Digital Illustration by Alana Burman

by Martin Milita, Esq.

New Jersey, like many other states, continues to issue directives outlining which businesses may continue to operate during the COVID-19 pandemic.  This constantly changing landscape can be difficult to navigate and this is especially true for parties involved in site-remediation, whether as a remediating party, as the environmental consultant, or Licensed Site Remediation Professional performing the remedial work.  However, here is some practical advice.

Relevant Executive Orders

Under Governor Murphy’s Executive Order (EO) 107 issued on March 21st, all non-essential retail places of business are required to close to the public, allowing only essential retail businesses to remain open.  These essential retail businesses include grocery stores, pet stores, and pharmacies, among others.  In addition, all entertainment and recreational businesses are required to close.  Thus, on its face, Executive Order 107 does not prohibit environmental remediation as this activity does not qualify as a retail, entertainment, or recreational business.  Under EO 107, however, all businesses in New Jersey are to reduce on-site staff to the minimum number necessary to perform essential operations and to accommodate the remainder of their workforce through work-from-home or similar arrangements.  In addition, when in public everyone is to practice social distancing. So these are considerations that site-remediation businesses must adhere to.

On April 8th, Governor Murphy issued Executive Order 122, effective on Friday, April 10th at 8 p.m. Part of Executive Order 122 requires non-essential construction projects to cease.  This EO lists various types of projects that are considered “essential construction projects,” which includes the following activities applying to site-remediation cases as found in paragraph 2 of the Order: any project that is ordered or contracted for by federal, State, county, or municipal government, or any project that must be completed to meet a deadline established by the federal government (subsection (l)); and, any work on a non-essential construction project that is required to “remediate a site” (subsection (m)).  

Thus, Executive Order 122 introduced new uncertainty as to whether site remediation work may continue.

The applicability of Executive Order 122 to these latter categories, if they are to be considered construction activities, seems to turn on the interpretation of subsections (l) and (m).   Subsection (l) would apply if the site remediation work is considered performed pursuant to a government “order.” 

  • Some site remediation cases are being performed under an Administrative Consent Order (“ACO”) with New Jersey Department of Environmental Protection (NJDEP); however, the majority of site remediation cases are conducted under the LSRP program in which there is no “order” but a legal obligation to remediate pursuant to NJDEP requirements. 

The interpretation of Executive Order 122 allowing site remediation to proceed if conducted pursuant to an ACO, but not under the LSRP program, is not a sensible distinction.  Subsection (m) allows non-essential construction necessary “to remediate a site” to proceed, but does this consider the NJDEP site remediation program?  The other activities listed in this subsection all relate to activities necessary to secure a construction site so that it does not pose a threat during the moratorium.  Does “remediate a site” refer to fixing damage caused by construction activity or does it refer to the activities required by the term “site remediation”?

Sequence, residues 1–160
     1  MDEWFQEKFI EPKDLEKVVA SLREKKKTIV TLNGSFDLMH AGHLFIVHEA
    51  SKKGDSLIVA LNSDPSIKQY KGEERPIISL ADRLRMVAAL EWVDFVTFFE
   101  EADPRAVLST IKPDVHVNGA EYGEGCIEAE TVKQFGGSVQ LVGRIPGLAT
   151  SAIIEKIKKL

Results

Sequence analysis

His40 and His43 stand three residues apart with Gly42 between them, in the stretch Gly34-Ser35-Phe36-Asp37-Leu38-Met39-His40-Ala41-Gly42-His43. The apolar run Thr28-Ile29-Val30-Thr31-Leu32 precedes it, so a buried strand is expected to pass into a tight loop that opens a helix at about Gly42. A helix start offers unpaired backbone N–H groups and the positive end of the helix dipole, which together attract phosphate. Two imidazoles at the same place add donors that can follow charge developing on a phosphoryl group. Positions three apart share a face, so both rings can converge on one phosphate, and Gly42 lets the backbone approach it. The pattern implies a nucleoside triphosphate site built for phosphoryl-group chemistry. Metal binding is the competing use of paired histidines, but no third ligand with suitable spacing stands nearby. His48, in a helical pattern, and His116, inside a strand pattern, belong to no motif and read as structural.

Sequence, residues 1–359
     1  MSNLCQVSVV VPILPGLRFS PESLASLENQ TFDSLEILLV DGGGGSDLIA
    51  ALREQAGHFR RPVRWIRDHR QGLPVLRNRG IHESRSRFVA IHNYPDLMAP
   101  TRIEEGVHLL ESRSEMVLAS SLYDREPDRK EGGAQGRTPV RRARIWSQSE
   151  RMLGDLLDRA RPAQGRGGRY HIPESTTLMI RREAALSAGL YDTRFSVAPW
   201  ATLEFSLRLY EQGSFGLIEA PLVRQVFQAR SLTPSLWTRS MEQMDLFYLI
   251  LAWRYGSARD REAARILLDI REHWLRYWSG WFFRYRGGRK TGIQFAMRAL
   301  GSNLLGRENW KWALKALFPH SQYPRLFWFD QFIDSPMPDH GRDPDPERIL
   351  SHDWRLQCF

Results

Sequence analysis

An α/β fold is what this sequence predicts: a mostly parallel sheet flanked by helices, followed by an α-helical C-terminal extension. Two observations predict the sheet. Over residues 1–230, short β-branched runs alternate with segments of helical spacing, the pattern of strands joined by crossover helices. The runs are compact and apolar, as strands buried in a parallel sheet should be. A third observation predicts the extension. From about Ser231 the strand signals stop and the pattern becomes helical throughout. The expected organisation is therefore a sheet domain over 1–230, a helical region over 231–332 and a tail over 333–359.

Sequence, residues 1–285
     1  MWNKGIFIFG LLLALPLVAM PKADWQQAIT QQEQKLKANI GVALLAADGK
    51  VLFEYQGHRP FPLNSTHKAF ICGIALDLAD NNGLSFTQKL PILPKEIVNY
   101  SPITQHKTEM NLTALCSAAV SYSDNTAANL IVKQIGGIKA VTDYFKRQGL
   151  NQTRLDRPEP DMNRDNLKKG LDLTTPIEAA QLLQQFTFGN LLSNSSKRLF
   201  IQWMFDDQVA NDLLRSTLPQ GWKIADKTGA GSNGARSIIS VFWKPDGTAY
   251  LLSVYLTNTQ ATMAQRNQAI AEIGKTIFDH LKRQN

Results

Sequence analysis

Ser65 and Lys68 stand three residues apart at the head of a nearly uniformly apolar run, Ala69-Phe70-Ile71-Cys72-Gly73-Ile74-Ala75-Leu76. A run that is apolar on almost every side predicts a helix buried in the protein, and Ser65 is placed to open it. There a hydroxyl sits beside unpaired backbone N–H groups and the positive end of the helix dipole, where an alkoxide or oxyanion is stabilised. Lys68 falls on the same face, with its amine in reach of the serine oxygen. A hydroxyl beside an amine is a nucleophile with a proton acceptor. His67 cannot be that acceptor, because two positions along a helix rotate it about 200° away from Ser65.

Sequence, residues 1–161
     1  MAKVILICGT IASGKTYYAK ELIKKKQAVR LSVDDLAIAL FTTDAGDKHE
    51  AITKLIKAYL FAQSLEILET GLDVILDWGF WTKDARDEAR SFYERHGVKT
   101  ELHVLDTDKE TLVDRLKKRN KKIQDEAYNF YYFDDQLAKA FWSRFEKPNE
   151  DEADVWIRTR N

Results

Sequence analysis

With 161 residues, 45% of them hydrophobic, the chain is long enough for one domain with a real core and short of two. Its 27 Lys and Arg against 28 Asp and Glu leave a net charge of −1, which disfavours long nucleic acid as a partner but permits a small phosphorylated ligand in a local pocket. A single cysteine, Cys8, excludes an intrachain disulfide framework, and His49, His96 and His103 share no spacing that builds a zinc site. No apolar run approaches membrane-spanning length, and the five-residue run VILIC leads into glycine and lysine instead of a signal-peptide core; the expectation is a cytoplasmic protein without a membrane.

Best Practices for Site Remediation

In the absence of further guidance on the above questions from the NJDEP, we suggest that environmental professionals and regulated entities consider implementing the following practices for any site remediation work performed during this time:

  • Alerting the local police department about the work to be performed, so that if a neighbor or passer-by calls to report alleged non-compliance with the Executive Orders, the police are already aware of the work and its purpose;
  • Providing employees who will be performing work in the field with “essential employee” letters to document they are performing an “essential” service that cannot be performed remotely, as indicated by Executive Order 107;
  • Respecting the concerns of neighbors, employees, and others who may be impacted by the work.  For example, requesting access for an off-site vapor intrusion investigation requires special consideration at this time, especially if it involves a request to access a residence.
  • Discussing site specific issues with NJDEP.  We have had success in recent weeks discussing site specific concerns with the Department, which at times has granted extensions or other accommodations to address the specific concern.
  • Preparing a plan for de-mobilization in the event the remedial work at the site is required to cease as a result of COVID-19.

The COVID-19 pandemic requires adaptation to changing conditions.   Keeping apprised of developments and consistently consulting with your advisers can assist regulated entities endeavoring to accommodate often competing demands.

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